Wikis are these days increasingly used by all manner of groups, organisations and businesses for collaborative access and contribution to a diverse range of data. A good blog that covers many of the issues relating to the rise and rise of Wikis is Grow Your Wiki - it has a great range of articles on Wikis and Web2 – well worth a look.
To get you started here is a short list of free Wikis:
Some great stuff at Freshome.com - An interesting collection of tips, gadgets and inspiration.
There is so much to see on the web! And so little time to actually getting around to seeing it…
Here begins a new category that will build to be (hopefully) a useful list of the unusual, the weird, the fun, the educational and the down right strange – all out there on the web…ideas and suggestions welcomed!
First cab off the rank is NOTCOT.org – I like the approach and there are some excellent design and art links – together with some interesting content across a range of topics – mostly “picture posts” with links to the original source.
NOTCOT is a fascinating repository of design and ideas. This is what NOTCOT say about themselves:
NOTCOT Inc is a growing network of design sites currently including NOTCOT.com and innovative community contributed sites NOTCOT.org + TasteSpotting.com + NotCouture.com.
NOTCOT is a visual filtration of ideas + aesthetics + amusements. NOTCOT’s two sites have become the daily sources of inspiration for creatives everywhere, fighting the good fight against “creative block” since 2005 with visually stunning imagery, the latest in international trends, and a passion for all things well designed.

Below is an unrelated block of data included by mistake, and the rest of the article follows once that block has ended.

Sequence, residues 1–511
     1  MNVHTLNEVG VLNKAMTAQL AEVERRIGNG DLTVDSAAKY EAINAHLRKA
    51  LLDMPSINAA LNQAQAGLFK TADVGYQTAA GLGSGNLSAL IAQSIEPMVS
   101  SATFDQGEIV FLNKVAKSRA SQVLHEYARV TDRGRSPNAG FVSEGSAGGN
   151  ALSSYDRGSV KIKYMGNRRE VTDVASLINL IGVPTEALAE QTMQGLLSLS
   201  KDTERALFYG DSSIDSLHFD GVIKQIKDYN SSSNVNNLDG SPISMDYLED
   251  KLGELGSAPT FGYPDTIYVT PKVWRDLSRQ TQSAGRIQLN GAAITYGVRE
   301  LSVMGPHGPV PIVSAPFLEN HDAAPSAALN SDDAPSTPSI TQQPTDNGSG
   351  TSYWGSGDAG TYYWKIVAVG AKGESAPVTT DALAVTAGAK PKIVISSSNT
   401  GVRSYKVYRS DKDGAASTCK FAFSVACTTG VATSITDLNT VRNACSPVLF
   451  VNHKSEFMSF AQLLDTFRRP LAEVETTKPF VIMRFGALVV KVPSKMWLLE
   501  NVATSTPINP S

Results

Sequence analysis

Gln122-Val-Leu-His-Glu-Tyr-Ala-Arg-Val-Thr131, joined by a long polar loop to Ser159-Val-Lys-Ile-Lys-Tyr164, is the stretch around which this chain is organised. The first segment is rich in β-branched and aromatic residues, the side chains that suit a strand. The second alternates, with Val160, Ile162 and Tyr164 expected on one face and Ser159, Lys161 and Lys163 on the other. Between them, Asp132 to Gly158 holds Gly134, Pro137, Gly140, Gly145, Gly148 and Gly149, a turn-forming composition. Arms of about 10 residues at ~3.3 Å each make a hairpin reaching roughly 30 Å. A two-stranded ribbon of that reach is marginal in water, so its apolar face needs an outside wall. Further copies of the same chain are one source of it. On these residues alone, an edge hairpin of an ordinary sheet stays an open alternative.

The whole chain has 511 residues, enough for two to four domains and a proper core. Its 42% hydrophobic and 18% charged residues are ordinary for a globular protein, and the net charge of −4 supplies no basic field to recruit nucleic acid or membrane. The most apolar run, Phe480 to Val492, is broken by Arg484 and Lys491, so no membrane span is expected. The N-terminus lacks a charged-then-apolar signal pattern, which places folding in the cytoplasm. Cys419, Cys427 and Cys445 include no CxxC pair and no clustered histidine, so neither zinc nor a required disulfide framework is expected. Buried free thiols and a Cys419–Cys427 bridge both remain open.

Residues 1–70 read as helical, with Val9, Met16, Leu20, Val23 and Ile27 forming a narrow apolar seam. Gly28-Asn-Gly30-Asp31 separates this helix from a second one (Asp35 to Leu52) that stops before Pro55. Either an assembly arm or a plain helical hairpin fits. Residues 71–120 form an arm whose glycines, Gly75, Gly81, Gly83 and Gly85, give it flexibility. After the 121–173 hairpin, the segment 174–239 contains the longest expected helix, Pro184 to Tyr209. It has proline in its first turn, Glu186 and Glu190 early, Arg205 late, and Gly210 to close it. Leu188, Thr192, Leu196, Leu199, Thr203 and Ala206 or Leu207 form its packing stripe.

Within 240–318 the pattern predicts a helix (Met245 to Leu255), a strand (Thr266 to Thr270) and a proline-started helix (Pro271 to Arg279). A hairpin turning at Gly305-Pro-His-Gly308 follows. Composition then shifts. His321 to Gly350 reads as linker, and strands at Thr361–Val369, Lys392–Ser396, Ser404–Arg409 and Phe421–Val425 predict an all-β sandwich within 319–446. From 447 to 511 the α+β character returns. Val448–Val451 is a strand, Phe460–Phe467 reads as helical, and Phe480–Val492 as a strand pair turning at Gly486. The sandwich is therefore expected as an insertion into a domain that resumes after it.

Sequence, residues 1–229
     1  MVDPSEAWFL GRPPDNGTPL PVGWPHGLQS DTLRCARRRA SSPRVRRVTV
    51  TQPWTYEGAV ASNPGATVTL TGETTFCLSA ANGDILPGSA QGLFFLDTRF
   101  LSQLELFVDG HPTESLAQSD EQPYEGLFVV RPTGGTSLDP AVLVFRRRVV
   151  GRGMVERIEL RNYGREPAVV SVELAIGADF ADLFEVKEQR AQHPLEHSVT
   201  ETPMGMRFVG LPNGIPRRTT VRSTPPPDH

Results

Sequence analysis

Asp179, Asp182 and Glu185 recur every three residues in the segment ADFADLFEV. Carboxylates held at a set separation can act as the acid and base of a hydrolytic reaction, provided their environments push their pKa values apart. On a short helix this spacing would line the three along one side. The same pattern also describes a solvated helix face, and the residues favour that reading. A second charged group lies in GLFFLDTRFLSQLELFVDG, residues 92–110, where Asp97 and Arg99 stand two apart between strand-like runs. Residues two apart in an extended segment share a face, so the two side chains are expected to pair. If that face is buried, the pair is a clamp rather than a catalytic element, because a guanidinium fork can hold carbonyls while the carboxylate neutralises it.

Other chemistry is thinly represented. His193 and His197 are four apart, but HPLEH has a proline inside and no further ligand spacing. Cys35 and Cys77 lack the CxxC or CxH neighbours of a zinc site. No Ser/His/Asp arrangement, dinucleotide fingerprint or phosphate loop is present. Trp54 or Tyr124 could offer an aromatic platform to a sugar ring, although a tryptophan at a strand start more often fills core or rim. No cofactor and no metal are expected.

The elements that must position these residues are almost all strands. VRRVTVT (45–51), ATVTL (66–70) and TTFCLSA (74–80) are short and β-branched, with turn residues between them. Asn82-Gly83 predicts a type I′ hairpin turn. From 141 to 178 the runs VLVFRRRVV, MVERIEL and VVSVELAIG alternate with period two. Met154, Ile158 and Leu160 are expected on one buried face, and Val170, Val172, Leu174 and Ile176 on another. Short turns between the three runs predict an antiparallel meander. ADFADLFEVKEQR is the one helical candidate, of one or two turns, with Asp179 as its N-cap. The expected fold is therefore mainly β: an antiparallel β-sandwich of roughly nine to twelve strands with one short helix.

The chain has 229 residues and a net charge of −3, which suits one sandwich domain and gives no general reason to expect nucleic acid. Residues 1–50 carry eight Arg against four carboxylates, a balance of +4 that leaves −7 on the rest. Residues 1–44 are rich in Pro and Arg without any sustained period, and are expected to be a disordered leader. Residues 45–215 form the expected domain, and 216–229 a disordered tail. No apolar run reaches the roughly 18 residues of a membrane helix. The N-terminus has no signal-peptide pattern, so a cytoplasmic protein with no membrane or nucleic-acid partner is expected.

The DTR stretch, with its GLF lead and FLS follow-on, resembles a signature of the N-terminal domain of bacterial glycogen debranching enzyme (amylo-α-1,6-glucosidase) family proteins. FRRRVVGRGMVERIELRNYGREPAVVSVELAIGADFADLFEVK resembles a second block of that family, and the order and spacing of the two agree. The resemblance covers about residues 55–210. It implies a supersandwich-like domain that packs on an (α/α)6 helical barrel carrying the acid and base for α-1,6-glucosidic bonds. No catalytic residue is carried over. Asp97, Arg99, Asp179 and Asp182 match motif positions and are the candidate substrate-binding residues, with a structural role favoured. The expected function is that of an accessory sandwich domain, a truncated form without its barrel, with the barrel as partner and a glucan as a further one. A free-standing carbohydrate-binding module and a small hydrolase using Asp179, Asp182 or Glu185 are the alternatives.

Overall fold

NOTCOT.ORG is a community of creatives, design lovers, and trendsetters – where .org serves as the studio bulletin board gone digital – each image and caption brings you to a place worth visiting. It’s about sharing what inspires you. Bookmarks, del.icio.us, digg, blogrolls, etc. make you read, search and think. This is the PICTUREBOOK to their novel. NOTCOT.COM is the editorial face of NOTCOT, offering in-depth features on products, artists, technology, innovation, and up-and-coming trends….
Web 2.0 is one of the many changes we have seen in recent years. Web 2.0, a phrase coined by O’Reilly Media in 2004, refers to…
…a perceived second-generation of Web-based services—such as social networking sites, wikis, communication tools, and folksonomies—that emphasize online collaboration and sharing among users. …(ref: wikipedia).
The development of Web 2.0 applications across the web is staggering. Just a quick glance at the plethora of apps at a directory site like Go2Web20 is mind boggling! While many seem to offer a different way of doing the same thing – many are an indication of the way in which we use the web is changing. As we build The Channel Telegraph we will try and highlight the good, bad and ugly of those Web 2.0 apps that seem to be popping into hyperspace every minute of the day…somewhere in the world.
Some renovations are happening at the Channel Telegraph – back soon with some new words.